Defaults: IQ -5, Engineer (same)-4, or Machinist -5.

This is the ability to diagnose and fix ordinary mechanical problems. A successful skill roll will let you find or repair one problem.

You must pick a specialty from within one of these four categories:

Machine Type: Any one class of nonvehicular machine. Types include Micromachines (miniature machinery, invisible to the naked eye; TL9+), Nanomachines (molecular-scale
machinery; TL10+), and Robotics (robots and automated factories; TL7+).

Motive System Type: Any one type of propulsion system, regardless of vehicle type. Types include Legged, Tracked, Wheeled, Rockets, and Reactionless Thrusters.

Power Plant Type: Any one type of power plant, no matter what it powers. Types include Clockwork, Steam Engine, Gasoline Engine, Diesel Engine, Gas Turbine, Fuel Cell, Fission Reactor, Fusion Reactor, and Antimatter Reactor.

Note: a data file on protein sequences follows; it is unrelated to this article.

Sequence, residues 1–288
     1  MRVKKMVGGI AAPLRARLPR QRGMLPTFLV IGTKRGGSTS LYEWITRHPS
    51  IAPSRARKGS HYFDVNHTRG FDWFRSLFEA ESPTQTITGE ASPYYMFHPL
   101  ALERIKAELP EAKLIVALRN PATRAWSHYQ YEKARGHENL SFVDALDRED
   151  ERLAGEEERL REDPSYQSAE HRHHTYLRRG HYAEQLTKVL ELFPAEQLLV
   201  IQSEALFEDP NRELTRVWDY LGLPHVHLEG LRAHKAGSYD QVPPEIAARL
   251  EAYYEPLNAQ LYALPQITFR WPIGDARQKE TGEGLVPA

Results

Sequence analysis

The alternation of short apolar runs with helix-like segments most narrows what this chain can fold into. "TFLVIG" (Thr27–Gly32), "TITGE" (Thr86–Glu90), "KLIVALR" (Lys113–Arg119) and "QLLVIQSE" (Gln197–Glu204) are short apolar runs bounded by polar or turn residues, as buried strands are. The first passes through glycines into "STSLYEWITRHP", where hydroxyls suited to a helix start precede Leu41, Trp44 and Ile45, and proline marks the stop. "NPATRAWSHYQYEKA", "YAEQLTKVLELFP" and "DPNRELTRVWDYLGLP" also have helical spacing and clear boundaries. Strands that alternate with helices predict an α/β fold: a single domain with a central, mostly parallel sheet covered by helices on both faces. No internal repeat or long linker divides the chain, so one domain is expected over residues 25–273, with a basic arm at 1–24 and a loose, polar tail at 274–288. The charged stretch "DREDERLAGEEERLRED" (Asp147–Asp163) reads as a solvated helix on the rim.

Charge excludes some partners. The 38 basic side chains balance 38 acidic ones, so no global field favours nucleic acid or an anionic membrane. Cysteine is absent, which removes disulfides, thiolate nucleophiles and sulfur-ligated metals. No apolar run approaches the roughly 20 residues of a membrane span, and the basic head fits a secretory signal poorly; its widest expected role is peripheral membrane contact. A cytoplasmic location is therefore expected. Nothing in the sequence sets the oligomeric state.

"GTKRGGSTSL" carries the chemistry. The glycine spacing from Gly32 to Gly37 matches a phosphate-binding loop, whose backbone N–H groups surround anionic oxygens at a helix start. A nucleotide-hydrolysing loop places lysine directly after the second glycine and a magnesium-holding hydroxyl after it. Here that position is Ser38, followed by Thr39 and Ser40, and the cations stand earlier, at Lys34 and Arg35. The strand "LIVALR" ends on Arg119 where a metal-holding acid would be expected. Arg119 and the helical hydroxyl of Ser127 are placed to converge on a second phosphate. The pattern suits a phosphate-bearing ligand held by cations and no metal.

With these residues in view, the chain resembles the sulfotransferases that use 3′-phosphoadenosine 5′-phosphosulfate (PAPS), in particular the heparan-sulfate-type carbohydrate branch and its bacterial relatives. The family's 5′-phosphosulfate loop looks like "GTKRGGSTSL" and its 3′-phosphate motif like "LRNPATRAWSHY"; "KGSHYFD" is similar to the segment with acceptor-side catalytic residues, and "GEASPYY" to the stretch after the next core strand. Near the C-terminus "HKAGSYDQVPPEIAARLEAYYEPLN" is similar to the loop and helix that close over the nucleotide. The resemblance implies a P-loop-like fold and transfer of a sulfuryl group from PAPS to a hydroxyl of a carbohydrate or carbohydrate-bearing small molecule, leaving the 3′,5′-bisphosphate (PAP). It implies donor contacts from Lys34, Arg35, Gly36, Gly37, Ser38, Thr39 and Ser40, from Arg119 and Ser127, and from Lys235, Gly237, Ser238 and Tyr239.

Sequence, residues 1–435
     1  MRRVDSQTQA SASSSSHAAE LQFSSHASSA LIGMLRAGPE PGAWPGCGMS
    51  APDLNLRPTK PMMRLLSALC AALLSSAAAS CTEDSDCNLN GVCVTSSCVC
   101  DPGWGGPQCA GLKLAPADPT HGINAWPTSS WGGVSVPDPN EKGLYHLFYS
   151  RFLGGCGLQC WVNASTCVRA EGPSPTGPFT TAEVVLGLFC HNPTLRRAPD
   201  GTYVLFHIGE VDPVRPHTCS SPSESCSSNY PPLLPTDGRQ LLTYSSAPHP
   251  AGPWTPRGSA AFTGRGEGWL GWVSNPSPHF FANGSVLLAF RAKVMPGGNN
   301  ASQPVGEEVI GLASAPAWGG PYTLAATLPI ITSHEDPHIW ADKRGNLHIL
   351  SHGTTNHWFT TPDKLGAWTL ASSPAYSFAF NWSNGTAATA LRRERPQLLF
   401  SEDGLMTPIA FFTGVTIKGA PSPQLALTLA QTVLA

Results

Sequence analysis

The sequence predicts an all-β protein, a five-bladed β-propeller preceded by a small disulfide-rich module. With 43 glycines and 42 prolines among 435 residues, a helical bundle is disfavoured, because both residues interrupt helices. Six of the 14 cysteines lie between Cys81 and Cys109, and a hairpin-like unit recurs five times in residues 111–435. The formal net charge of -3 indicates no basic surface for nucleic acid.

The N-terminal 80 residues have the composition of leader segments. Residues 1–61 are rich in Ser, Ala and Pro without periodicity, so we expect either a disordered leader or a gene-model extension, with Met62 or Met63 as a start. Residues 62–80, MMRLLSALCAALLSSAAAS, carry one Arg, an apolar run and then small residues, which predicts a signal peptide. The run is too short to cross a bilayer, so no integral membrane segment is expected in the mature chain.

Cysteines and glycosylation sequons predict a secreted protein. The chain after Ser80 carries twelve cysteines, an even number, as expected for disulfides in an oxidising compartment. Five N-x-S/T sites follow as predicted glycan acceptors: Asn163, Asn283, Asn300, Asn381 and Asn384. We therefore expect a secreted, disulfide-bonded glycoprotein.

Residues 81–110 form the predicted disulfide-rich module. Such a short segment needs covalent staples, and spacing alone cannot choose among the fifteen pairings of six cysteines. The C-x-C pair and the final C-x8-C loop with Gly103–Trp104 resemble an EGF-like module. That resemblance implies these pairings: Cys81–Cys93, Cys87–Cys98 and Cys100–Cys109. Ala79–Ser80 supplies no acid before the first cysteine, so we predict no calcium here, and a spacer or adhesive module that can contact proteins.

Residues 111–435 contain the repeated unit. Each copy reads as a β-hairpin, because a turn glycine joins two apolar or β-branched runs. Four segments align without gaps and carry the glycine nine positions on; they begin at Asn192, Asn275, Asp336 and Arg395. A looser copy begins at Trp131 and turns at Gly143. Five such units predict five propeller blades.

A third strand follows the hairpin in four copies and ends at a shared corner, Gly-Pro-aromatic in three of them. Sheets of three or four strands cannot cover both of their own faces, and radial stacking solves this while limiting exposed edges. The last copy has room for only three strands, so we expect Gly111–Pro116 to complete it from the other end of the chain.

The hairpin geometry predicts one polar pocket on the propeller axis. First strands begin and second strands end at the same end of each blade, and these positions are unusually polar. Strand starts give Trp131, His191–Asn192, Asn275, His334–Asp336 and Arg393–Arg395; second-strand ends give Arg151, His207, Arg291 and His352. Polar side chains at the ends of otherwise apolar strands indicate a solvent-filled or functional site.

Vehicle Type: The controls, hull, motive system, power plant, transmission, and even the paint job of one specific type of vehicle listed under a vehicle-operation skill such as Driving (p. 188), Piloting (p. 214), or Submarine (p. 223).

Mechanic specialties default to one another at -4, although the GM may modify this for particularly close or distant specialties. The systems covered by each specialty vary by TL. For instance, Mechanic (Light Airplane) covers single-engine biplanes at early TL6, small private jets at TL7, and so forth.

Familiarity is very important here. For instance, Mechanic/TL7 (Light Airplane) covers both propeller-powered seaplanes and small private jets, but going from one to the other gives you -2 for an unfamiliar item (prop-powered plane to jet) and -2 for an unfamiliar implementation (seaplane to regular plane), for a net -4 to skill until you familiarize yourself with all the differences.

Modifiers: -2 for an unfamiliar item within your specialty (e.g., a barge when you’re used to battleships), or for an unfamiliar implementation (e.g., a powerboat engine when you’re used to automobile engines); equipment modifiers (p. 345).


A Path to Steam jkendall